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Editorial: A reminder to ‘weep with those who weep’


For months now, our hearts have felt troubled. We’ve watched as Christians on social media have erupted in angry, hateful, hurtful words time and time again. 

As we watch, a voice has echoed in our minds, asking, “Where’s the kindness? Where’s the empathy? Where’s the love of Jesus?” 

Friends, some of our brothers and sisters are weeping, loudly, and too many Christians are ignoring those cries.

Black friends have shared their hurt. Asian American friends have shared their hurt. Friends who have suffered from COVID-19 or lost a loved one to COVID-19 have shared their hurt. All while more voices yell over them, disregarding their stories and their experiences. 

“Be happy with those who are happy, and weep with those who weep,” the Apostle Paul writes in Romans 12:15 (New Living Translation), adding in the next verse, “Live in harmony with each other.” 

Friends, some of our brothers and sisters are weeping, loudly, and too many Christians are ignoring those cries.

Harmony seems far from our reality. But it doesn’t have to be this way. It shouldn’t be this way.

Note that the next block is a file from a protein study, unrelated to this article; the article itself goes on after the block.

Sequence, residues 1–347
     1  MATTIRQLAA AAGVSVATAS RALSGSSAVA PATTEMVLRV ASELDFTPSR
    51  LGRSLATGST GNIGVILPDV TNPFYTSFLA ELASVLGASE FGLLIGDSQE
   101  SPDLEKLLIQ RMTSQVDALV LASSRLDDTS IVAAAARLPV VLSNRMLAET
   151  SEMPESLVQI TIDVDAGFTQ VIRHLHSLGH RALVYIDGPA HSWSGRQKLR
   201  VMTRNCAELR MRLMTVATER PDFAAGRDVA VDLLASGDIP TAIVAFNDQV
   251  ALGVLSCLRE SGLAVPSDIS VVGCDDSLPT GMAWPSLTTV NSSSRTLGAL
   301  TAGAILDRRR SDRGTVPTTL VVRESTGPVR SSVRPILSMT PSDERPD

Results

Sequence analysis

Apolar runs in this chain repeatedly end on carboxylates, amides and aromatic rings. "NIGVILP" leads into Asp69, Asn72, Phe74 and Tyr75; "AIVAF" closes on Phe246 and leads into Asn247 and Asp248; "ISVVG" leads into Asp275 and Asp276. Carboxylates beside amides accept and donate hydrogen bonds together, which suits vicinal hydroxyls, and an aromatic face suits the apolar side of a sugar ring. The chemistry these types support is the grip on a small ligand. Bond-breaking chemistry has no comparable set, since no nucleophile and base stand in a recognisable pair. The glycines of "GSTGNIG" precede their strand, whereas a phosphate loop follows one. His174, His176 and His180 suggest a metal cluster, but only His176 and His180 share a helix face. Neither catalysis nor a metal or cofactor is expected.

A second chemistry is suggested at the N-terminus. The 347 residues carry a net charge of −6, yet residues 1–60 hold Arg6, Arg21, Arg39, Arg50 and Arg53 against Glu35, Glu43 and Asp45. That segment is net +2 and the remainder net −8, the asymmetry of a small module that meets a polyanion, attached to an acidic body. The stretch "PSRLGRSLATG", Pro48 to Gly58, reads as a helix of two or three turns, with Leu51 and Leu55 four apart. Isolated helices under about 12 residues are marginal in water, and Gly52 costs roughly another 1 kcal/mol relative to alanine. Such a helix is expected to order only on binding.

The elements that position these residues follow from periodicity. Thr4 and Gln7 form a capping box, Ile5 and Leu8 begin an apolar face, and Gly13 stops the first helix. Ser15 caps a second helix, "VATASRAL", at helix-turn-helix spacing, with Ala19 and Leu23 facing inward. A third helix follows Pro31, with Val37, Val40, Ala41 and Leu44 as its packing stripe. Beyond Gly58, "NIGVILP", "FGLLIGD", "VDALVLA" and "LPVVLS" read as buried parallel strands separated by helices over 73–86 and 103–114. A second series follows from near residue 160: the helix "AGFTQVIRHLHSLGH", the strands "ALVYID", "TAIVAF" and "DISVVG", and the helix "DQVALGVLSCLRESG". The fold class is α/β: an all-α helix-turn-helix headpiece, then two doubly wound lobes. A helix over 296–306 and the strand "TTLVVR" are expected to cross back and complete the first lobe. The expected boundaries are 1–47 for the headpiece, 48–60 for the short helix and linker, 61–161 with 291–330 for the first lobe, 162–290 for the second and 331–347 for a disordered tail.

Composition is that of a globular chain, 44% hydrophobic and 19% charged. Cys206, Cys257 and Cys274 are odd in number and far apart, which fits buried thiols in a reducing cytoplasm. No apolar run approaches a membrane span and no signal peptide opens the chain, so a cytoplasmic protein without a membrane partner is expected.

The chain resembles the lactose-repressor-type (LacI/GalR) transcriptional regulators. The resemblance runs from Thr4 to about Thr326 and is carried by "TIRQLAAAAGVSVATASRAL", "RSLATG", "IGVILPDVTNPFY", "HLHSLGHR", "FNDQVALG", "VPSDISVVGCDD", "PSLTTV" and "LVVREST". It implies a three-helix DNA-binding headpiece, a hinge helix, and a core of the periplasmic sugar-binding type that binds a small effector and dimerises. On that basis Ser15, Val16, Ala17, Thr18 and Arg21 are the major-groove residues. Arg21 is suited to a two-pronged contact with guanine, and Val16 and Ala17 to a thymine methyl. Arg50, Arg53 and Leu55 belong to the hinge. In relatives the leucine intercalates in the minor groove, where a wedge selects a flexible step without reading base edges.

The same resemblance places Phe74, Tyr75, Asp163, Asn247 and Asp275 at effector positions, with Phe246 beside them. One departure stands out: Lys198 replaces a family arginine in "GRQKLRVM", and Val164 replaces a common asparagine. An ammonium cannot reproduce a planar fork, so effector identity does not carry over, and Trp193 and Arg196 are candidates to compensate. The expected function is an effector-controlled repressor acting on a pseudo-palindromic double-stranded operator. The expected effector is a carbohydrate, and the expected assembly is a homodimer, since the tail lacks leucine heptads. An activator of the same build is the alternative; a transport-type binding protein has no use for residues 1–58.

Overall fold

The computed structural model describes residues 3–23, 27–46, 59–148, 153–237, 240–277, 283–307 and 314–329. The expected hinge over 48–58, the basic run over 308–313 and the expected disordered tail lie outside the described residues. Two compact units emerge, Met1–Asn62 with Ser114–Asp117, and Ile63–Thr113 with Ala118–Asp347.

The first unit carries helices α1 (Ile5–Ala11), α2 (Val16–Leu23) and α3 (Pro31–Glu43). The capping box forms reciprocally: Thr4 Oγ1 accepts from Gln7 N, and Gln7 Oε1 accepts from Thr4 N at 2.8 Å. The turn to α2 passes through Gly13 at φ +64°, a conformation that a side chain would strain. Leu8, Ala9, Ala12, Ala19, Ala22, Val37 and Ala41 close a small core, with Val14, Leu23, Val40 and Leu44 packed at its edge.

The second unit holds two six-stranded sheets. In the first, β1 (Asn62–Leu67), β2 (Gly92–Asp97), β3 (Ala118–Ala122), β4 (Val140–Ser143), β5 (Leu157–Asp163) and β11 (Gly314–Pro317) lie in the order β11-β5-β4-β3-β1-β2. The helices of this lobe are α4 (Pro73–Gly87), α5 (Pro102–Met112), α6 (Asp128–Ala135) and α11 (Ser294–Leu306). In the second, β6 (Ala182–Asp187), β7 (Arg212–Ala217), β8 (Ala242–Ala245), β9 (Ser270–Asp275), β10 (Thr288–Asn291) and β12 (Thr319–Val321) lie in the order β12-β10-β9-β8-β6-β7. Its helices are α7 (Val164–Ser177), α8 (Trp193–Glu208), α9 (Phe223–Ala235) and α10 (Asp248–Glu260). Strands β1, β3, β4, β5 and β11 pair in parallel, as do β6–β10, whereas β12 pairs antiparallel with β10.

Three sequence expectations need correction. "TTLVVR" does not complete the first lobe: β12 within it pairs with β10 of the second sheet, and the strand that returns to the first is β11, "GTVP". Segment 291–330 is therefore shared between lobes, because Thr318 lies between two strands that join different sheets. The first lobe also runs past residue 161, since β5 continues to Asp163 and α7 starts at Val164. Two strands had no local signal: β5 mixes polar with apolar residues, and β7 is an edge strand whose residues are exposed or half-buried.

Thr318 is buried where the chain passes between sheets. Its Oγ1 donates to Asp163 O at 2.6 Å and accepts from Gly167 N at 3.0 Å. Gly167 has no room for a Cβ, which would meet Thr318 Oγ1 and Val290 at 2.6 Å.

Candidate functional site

Let us, as Christians, take time to listen. Let us sit with those who are hurting. 


Related: Learning to listen — really listen — is key


Let us not be like Job’s friends, who with their words caused more harm. Let us learn how to be present with those who are weeping and how to truly hear the cries of their heart. Let us hold our tongues (or maybe the fingers with which we type). 

Let us pray for God to give us the strength and wisdom to know when to speak and when to simply be present.

Let us truly examine ourselves, our opinions and our biases. Let us choose not to hold those things more highly than the brothers and sisters who are asking that their pain be acknowledged.

We must stop pointing fingers and start choosing to weep with those who are weeping.

It’s true: Your life has likely held struggles. You, too, have pain. We’ve all walked through valleys, some that feel deeper than others. However, acknowledging someone else’s hurt doesn’t mean you cannot continue to work through your own. 

This is not asking you to do something you feel is illegal or something you feel violates your conscience. It’s simply an appeal for you to take a step back from your computer and your television, to look a real person in the face and to try to understand how that person has experienced this world, your community even, differently from you.

We must stop listening to the voices that scream at us on social media or on our favorite cable channel. We must stop listening to those who make millions by sowing discord among us. 

We must stop pointing fingers and start choosing to weep with those who are weeping. 

It starts in our communities, our churches. By learning to sit with each other through pain, we can also learn how to truly live in harmony with one another. — Chellie Ison, for the Editorial Board

Filed under: Christians Church of Christ Editorial harmony Opinion Peace unity weep with those who weep

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